Inslee its time to replace Holzmiller, Susewind as well as Martorello. There is no room for State Employees that only care about pandering to Ranchers. Holzmiller is to slow to figure out that ite 40 years later, and the slaughtering of Our Children’s Resources is no longer needed. Hunters have this dream that they are somehow Conservationists. They need to read the definition.
By Richard Read / Los Angeles Times
ANATONE, Wash. — Somewhere near this tiny farming town last month, a Washington Department of Fish & Wildlife hunter conducted what officials call a lethal removal, killing a gray wolf, a member of a species that the state considers endangered.
Most likely the agency employee or contractor fired a 12-gauge shotgun from a helicopter after following signals from a radio collar on a member of the Grouse Flats pack. Citing “safety reasons,” officials won’t say how or where the wolf — which they now believe to have been a breeding female — was exterminated Sept. 25.
A century after gray wolves were all but eradicated from Washington, the state is trying to encourage the return of the iconic predators, which normally hunt deer, elk and smaller wild animals. The state’s gray wolf population has gradually recovered to at least 126 since 2008, when the first two packs since the 1930s established dens.
But wildlife officials ordered the Grouse Flats extermination after determining that the pack roaming grasslands in the state’s farthest southeast corner had killed four farm animals in two months. That’s the minimum number of deaths or injuries required within 10 months for them to begin killing wolves until the livestock attacks cease.
Five days after the mother wolf was killed, Washington Democratic Gov. Jay Inslee wrote to the director of the Fish & Wildlife department, an agency accused by animal advocates of bowing to the interests of ranchers hostile to wolves. Inslee cited public outrage over the elimination of packs near the Canadian border, and asked Kelly Susewind to find ways “to significantly reduce the need for lethal removal of this species.” He gave the director until Dec. 1 to report back.
The ultimatum from Inslee, who’s seeking a third term as governor after dropping out of the Democratic presidential campaign, irked rural residents who often feel marginalized by politicians from Washington’s more populous west side. The political divide between red and blue runs roughly north-south along the Cascade Range, with Seattle and Olympia, the capital, holding sway over the state’s eastern range country.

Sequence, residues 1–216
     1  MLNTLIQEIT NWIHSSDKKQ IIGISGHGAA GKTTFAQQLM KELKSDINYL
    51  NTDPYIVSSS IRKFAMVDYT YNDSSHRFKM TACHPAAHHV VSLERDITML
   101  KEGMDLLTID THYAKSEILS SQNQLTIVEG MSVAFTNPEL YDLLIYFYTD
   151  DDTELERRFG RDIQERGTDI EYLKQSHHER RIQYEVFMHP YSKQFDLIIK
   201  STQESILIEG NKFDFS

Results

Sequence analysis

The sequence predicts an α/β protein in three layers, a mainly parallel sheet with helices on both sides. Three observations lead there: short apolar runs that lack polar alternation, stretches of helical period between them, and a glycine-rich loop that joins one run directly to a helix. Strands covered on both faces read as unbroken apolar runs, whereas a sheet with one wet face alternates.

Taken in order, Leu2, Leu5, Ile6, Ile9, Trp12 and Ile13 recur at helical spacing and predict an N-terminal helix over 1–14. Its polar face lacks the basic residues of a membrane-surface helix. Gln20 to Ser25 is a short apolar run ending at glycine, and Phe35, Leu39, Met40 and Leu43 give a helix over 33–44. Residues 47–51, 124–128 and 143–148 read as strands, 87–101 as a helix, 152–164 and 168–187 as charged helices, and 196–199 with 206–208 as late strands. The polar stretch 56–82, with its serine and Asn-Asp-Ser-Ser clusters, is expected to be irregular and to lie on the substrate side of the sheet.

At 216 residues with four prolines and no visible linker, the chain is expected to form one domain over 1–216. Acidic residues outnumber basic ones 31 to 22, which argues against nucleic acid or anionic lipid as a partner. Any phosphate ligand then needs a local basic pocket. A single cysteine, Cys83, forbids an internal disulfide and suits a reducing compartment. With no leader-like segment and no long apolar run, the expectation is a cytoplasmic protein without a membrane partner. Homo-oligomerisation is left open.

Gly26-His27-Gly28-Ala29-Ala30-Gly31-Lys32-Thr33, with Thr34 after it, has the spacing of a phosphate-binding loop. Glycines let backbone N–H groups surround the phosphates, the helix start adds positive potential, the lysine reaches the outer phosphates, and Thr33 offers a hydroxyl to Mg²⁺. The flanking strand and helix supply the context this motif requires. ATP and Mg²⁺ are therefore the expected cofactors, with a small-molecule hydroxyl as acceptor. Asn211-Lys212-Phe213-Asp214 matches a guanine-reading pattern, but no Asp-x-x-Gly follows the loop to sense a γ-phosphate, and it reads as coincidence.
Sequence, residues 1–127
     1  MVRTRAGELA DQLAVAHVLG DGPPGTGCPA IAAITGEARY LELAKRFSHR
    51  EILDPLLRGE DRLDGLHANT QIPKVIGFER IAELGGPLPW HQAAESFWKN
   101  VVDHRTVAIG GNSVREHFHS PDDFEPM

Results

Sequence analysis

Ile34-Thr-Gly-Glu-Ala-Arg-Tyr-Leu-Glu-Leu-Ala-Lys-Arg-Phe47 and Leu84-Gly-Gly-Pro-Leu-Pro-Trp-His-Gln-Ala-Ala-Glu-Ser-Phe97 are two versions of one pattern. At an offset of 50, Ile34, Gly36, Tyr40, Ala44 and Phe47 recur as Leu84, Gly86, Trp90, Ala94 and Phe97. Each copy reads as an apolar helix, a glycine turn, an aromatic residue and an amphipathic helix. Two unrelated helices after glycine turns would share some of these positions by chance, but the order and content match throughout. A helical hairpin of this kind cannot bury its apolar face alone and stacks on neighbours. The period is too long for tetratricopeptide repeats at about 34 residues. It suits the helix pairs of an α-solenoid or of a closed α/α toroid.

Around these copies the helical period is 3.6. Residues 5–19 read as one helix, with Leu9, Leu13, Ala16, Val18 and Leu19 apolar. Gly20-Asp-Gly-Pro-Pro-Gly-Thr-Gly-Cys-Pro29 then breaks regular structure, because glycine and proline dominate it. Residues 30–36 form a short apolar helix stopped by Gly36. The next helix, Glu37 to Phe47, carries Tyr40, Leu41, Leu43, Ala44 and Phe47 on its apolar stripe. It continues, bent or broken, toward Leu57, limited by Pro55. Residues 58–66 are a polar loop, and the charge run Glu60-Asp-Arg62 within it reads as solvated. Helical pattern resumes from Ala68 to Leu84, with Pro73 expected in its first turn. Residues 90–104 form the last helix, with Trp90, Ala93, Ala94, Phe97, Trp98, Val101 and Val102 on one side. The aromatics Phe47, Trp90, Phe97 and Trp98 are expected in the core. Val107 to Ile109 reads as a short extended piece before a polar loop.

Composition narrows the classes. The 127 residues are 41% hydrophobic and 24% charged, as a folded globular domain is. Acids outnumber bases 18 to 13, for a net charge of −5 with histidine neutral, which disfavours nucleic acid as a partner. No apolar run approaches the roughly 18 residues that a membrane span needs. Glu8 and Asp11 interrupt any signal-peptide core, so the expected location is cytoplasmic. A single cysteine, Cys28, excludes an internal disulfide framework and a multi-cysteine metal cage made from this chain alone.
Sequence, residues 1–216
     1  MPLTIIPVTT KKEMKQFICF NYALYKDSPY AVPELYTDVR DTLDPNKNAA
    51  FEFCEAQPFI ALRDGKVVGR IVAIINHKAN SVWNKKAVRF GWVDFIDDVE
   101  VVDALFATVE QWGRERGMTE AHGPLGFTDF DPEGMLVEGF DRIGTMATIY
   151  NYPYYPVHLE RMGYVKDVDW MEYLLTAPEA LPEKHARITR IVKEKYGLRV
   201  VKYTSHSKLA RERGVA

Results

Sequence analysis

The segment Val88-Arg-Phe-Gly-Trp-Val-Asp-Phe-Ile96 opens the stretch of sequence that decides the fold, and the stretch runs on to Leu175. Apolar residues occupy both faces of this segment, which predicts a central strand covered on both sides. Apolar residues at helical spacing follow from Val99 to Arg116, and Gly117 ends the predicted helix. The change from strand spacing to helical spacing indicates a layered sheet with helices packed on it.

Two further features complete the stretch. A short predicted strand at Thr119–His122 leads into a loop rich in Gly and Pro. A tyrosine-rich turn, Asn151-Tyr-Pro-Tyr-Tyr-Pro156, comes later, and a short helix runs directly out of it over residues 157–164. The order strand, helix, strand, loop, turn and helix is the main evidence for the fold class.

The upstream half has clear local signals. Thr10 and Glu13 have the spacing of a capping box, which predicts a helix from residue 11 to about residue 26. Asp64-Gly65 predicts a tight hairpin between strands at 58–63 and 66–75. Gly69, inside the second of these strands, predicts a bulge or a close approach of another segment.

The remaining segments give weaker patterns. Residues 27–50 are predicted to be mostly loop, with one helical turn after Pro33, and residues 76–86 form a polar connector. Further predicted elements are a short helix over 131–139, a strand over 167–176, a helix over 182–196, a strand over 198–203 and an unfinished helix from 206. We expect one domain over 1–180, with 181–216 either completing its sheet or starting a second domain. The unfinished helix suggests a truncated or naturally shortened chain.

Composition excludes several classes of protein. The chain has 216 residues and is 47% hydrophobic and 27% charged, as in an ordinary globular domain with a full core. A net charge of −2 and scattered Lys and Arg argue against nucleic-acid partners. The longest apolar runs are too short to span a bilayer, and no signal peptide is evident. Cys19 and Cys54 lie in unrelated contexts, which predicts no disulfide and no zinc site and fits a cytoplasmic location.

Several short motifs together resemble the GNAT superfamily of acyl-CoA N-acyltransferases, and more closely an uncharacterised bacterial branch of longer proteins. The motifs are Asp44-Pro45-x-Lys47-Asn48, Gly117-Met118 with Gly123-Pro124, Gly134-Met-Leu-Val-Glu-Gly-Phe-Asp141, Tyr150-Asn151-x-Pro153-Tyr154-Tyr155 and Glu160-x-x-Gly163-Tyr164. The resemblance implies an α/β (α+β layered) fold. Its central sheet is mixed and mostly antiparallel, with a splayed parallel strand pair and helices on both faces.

Jay Holzmiller, 62, is a hunter and cattle rancher in the Anatone area, the Grouse Flats pack’s home territory. He pulled himself recently into the driver’s seat of a tall crew-cab pickup in his tidy farmyard and gestured toward a neighboring ranch, one of two next to his woodlots and pastures where cattle were lost last summer to the pack.
Holzmiller, whose ranch-house walls are festooned with mounted heads of wild animals he’s shot, is troubled by declines in elk and deer herds preyed on by wolves, bears and cougars. He said that Inslee’s directive disrupts painstaking compromises reached through years of negotiations between wild-animal advocates, farmers and hunters.
Inslee nominated Holzmiller in 2013 to a six-year term on a commission that oversees the wildlife department, and then opted not to renew his appointment. The rancher feels that the commission’s membership favored environmental interests.
“We’re fighting for a way of life,” Holzmiller said. “There’s a huge concern whether our hunting culture is going to come to an end, and there’s lots of us rednecks that love to do it.”
Source: Gray wolves are protected, so why is the state killing them? | HeraldNet.com https://protectthewolves.com/wp-content/uploads/2019/11/19088082_web1_TSR-Wolf-EDH-191025.jpg #EndangeredSpeciesList #OpposeWelfareRanchingNotWolves #ProtectTheWolves #ProtectWolvesInWashington #WolvesInTheNews #WolvesInWashington